Severe Storms Cause a Loss of Productivity

Many people don’t immediately think of one important factor when discussing the aftermath of natural disasters: the adverse impact on productivity. Businesses and members of the workforce in Houston, Miami and other cities hit by Hurricanes Harvey and Irma suffered losses that may total between $150-200 billion when both damage and sacrificed productivity are accounted for, according to estimates from Moody’s Analytics.

Some workers who decide to leave their homes before storms arrive delay returning after the immediate danger has passed. As a result of their absences, a labor-force shortage may occur. News sources posted stories highlighting that the Houston area might not have enough construction workers to handle necessary rebuilding efforts after Hurricane Harvey.

It’s not hard to imagine the impact heavy storms could have on business operations. However, companies that offer goods to help people prepare for hurricanes and similar disasters often find the market wants what they provide. While watching the paths of current storms, people tend to recall storms that took place years ago and see them as reminders to get prepared for what could happen.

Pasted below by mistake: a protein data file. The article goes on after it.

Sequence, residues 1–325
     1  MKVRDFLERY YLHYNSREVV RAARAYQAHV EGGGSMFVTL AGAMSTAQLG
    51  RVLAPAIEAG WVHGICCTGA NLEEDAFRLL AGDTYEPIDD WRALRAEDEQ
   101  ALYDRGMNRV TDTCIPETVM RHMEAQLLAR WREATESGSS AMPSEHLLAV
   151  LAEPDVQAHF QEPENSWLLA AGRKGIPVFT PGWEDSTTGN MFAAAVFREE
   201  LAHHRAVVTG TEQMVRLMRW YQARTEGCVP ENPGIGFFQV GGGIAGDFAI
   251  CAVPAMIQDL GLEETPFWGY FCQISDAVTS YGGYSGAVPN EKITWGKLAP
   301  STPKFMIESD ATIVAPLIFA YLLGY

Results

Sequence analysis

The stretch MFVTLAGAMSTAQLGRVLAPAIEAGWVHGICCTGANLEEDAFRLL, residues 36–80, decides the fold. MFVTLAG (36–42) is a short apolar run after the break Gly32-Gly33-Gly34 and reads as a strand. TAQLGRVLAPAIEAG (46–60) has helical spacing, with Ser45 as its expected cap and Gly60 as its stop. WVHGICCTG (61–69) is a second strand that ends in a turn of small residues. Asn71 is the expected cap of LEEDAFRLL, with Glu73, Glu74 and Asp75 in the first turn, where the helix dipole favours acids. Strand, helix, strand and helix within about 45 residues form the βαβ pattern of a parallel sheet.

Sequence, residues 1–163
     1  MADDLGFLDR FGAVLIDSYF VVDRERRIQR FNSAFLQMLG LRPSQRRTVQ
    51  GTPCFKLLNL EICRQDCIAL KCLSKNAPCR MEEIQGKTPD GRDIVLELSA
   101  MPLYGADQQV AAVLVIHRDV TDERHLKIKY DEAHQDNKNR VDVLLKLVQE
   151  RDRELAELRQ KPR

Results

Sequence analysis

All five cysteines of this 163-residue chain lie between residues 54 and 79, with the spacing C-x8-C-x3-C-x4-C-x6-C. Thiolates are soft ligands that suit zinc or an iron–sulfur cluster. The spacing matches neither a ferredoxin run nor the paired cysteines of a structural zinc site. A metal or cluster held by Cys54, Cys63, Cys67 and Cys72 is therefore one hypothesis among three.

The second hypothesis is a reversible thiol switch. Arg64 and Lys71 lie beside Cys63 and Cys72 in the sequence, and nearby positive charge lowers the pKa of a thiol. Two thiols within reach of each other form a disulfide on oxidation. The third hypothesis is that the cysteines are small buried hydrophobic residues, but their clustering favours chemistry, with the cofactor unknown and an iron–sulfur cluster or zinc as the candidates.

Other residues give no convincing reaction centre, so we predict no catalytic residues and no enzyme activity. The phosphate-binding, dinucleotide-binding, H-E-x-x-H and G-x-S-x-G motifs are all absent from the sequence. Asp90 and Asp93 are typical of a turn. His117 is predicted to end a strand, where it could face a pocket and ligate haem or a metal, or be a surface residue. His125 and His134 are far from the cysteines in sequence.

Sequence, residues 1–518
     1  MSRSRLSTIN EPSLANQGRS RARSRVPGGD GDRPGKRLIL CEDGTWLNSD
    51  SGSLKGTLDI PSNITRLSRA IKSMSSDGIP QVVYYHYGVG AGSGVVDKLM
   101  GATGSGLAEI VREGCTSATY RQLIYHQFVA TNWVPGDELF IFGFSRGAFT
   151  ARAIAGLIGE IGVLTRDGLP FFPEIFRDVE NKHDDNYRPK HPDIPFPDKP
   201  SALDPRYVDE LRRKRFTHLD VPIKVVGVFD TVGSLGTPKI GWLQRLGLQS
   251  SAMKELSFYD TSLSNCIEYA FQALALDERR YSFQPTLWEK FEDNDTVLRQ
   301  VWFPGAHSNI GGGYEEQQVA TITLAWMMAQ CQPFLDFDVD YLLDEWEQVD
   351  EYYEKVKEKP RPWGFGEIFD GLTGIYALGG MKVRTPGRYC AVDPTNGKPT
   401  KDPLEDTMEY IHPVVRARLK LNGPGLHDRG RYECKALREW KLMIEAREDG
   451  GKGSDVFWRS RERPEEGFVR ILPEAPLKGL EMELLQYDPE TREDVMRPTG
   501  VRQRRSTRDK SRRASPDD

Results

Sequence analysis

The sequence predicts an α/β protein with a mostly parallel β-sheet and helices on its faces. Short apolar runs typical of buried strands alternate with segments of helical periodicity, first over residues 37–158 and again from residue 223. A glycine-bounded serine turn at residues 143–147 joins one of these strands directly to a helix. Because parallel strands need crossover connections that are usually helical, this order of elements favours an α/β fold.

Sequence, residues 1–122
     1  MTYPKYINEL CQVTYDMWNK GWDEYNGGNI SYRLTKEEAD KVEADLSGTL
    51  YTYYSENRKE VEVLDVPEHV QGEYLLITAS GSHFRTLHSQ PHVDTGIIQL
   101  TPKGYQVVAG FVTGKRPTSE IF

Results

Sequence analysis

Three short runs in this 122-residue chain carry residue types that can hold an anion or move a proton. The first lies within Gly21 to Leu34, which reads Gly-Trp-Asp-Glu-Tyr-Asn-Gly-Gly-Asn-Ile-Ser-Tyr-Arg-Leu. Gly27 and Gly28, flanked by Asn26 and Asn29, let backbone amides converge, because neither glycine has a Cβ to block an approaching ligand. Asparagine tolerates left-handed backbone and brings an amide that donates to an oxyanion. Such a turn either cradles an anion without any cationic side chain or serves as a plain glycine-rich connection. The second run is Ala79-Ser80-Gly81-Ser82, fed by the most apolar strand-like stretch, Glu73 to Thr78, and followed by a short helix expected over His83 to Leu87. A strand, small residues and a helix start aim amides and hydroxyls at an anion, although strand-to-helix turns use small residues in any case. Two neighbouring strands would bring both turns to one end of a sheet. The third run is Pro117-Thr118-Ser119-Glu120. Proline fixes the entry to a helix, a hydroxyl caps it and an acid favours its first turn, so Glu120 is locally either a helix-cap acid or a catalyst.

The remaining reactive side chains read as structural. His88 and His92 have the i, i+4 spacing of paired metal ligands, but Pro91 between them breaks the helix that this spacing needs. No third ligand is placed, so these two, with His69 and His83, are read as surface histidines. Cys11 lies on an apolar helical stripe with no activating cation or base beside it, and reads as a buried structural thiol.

Longer and More Disastrous Wildfires Require More Resources to Fight

The wildfires that ripped through millions of acres in the western region of the United States this year also made substantial contributions to the 2017 disaster-related expenses. The U.S. Forest Service, which is within the U.S. Department of Agriculture, reported 2017 as its costliest year ever and saw total expenditures exceeding $2 billion.

The agency anticipates the costs will grow, especially when they take past data into account. In 1995, the U.S. Forest Service spent 16 percent of its annual budget for wildfire-fighting costs, but in 2015, the amount ballooned to 52 percent. The sheer number of wildfires last year didn’t help matters either. Between January 1 and November 24 last year, 54,858 fires broke out.

2017: Among the Three Hottest Years Recorded